In this article, we will discuss the importance of iron during pregnancy and provide a comprehensive list of iron-rich foods that can help meet the increased iron needs of expectant mothers.
Becoming a parent is an exciting and potentially intimidating experience, as you’ve likely heard about the importance of iron, zinc, vitamins, and more for a healthy baby.
However, to aid your understanding of this plethora of information, we have dedicated our efforts to analyzing the vital nutrients necessary for a joyful and thriving pregnancy.
Commencing with the significance of iron, an abundant mineral facilitating the transportation of oxygen within your body.
Within this piece, we shall explore the significance of iron during pregnancy, the recommended daily intake, and the prime sources of iron-rich foods that can seamlessly integrate into your daily routine.
Furthermore, when combined with a prenatal supplement, this regimen guarantees the provision of optimal nourishment for your body and the development of your precious baby, ensuring a wholesome beginning to life.
Why is iron important for pregnancy?
Iron is a natural nutrient found in certain foods, not produced by the body, requiring a sufficient amount from your diet. It is utilized by the body to create hemoglobin, a protein in red blood cells responsible for carrying oxygen from the lungs to all body parts, as well as myoglobin, which transports oxygen to muscles and body tissues.
This oxygen transportation aids in muscle development, growth, and the proper functioning of organs. During pregnancy, iron plays a crucial role in supplying enough oxygen to the womb for the healthy growth of the placenta and the baby. Additionally, iron is vital for the developing brain and organs of your baby.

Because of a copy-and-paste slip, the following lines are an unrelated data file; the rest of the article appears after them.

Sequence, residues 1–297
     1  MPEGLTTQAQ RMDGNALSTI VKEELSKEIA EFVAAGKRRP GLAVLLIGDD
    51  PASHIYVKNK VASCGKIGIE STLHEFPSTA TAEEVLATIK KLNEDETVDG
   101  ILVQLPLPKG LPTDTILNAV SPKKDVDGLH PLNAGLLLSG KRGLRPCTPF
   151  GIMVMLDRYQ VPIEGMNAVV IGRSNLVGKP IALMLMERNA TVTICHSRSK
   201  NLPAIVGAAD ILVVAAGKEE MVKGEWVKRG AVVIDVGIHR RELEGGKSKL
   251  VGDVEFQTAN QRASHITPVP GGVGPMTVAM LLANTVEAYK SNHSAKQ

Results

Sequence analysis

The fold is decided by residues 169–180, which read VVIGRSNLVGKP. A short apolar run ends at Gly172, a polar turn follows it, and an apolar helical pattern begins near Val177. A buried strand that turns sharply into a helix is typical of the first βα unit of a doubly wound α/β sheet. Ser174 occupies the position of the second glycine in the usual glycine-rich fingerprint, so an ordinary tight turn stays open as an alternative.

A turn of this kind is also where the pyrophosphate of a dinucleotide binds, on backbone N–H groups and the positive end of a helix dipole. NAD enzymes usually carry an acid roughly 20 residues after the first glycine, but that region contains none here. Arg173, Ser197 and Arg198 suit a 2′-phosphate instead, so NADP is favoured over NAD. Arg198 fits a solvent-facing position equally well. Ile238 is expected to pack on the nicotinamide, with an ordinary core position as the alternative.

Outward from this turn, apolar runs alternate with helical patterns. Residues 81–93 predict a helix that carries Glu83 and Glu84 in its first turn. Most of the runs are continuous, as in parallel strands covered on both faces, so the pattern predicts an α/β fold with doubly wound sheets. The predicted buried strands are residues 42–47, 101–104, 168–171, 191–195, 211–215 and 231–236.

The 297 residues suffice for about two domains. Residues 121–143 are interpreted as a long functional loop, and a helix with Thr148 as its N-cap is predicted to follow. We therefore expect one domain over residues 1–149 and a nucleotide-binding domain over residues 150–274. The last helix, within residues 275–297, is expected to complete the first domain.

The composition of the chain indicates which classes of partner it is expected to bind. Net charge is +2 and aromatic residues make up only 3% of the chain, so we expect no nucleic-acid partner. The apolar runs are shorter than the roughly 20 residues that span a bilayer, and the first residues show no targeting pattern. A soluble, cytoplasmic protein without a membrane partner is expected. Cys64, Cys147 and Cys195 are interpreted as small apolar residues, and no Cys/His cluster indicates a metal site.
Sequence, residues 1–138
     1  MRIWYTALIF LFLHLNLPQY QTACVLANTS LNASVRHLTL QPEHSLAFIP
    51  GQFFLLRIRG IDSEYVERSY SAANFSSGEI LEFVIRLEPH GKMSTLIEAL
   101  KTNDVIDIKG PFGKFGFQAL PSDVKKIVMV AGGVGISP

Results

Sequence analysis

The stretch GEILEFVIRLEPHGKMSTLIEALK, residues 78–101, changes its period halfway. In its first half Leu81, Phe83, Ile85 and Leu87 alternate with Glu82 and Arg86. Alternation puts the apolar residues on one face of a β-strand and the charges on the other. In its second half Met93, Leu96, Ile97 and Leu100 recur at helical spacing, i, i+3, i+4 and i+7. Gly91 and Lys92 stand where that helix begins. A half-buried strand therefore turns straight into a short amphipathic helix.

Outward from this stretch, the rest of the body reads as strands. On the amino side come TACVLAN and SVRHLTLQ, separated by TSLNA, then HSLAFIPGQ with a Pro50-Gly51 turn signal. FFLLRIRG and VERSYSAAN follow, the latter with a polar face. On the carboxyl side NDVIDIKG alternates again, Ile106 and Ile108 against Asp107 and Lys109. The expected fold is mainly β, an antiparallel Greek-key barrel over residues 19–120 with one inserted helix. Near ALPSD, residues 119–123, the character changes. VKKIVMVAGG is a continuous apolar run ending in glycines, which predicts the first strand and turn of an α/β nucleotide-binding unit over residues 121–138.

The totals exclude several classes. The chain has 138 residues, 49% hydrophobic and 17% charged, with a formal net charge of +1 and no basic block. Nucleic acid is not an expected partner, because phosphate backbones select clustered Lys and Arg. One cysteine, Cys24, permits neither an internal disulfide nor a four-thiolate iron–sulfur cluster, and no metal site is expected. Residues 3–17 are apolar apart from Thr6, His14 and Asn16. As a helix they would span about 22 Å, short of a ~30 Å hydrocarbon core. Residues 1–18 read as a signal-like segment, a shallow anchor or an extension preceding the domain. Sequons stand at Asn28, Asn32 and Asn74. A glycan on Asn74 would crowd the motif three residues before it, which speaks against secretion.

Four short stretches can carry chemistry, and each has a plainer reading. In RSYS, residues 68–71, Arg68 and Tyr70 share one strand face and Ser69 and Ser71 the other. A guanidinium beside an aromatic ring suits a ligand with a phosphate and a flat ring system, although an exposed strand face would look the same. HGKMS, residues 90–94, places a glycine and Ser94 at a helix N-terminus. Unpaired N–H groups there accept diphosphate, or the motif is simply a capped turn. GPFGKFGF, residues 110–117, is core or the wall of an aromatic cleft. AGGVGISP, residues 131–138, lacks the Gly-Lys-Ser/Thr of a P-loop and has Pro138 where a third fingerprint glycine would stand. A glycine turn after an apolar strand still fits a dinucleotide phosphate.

How much iron do pregnant people need?
To ensure proper nutrient levels, it’s crucial to consult your prenatal physician for precise iron intake requirements, as every individual’s body has unique needs.
Pregnant individuals typically require 27mg of iron per day, serving as a general guideline. It’s essential not to exceed a daily iron consumption of 45mg to avoid potential organ damage caused by heightened toxicity.
What happens if you have low levels of iron during pregnancy?
Iron deficiency is more prevalent during pregnancy because the growing baby necessitates an additional 50 percent of blood to sustain sufficient blood supply for both the mother and the baby throughout the entire journey. Insufficient blood circulation leads to anemia, a condition characterized by inadequate healthy red blood cells to deliver sufficient oxygen to the body’s tissues.
Anemia, also known as iron deficiency, can result in extreme fatigue, weakness, pale skin, chest pain, rapid heartbeat, shortness of breath, headache, dizziness, lightheadedness, cold hands, and feet, tongue inflammation or soreness, and weak nails.
Ensuring adequate iron intake becomes especially crucial in the last 10 weeks of pregnancy when the baby begins developing their own iron levels in preparation for the first six months after birth. Therefore, consuming sufficient iron is essential to prepare for childbirth.
Approximately one-third of women worldwide suffer from iron deficiency. Young individuals who experience heavy menstrual cycles and bodily changes during puberty are susceptible to iron deficiency anemia.
Thus, it is important for young people to be aware of their iron levels before planning a pregnancy later in life.
How does your body use iron in food?
Iron in food exists in two forms: heme and non-heme. Heme is exclusively present in animal meats such as red meat, poultry, and seafood.
Non-heme iron can be found in plant-based foods including whole grains, nuts, seeds, legumes, and leafy greens.
Iron is stored as ferritin in the body and transported throughout by transferrin, a blood protein that binds to iron.
While these terms may cause confusion, understanding the distinct iron variations aids in optimizing your diet.